This article was published on May 14th, 2014
A company that produces confectionary has been prosecuted by the Health and Safety Executive after one of its workers was injured after a forklift speared his foot.
The 48 year old suffered life changing injuries after the spears of a forklift truck pierced his foot and broke numerous bones as a result. The accident happened when the injured man was manoeuvring his ride on pallet truck close to an entrance, a forklift came through the plastic strip curtains over the entrance and collided with him, causing the injury.
The injury was so severe that the worker nearly had his foot amputated but surgeons managed to save it and he spent 9 days in hospital recovering. He will also have to go through months of physio as a result of the injury. He can only walk short distances, with the aid of a stick, and will be unable to drive and therefore unable to return to work.
The HSE investigation found the company guilty of a breach of the Workplace (Health, Safety and Welfare) Regulations 1992. The HSE ruled that the plastic curtains, designed to keep out insects and birds, actually obscured the workers view and prevented safe entry and exit through the passageway. The court was also told how the area itself was cluttered and overcrowded with pallets from two other warehouses and maintenance work also restricted the space available for the forklift drivers to operate in.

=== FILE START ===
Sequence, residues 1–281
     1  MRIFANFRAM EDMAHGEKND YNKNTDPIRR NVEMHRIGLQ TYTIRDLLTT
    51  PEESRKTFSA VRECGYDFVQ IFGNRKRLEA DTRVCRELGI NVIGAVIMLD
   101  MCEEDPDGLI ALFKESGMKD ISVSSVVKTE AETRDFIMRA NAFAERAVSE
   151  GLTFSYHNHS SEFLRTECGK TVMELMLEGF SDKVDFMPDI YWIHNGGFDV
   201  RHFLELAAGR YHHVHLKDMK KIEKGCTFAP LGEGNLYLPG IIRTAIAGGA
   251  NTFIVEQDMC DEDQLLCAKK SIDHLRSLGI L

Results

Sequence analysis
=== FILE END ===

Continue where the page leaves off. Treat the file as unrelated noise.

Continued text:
The HSE felt this was an entirely avoidable accident as there had been three accidents reported in the same location in the previous months. The worker concerned had already been involved in a collision at the same entrance and suffered only minor bruising on that occasion.
An HSE investigator said,
“The company introduced physical hazards onto route ways without assessing their effects, and the result can best be described as chaotic. The fact that there were three collisions in just three months in the same spot shows this wasn’t just a one off incident but something that was almost inevitable.
“Employees had raised concerns about restricted vision when driving through the plastic curtains and the overcrowding in the area, but the management team ignored these concerns.”
In all of the instances the plastic curtain was found to be a cause as it prevented the drivers from safely seeing if the entrance was clear. They have now been removed and the company has been fined £120,000 and ordered to pay £9,538 in court costs.
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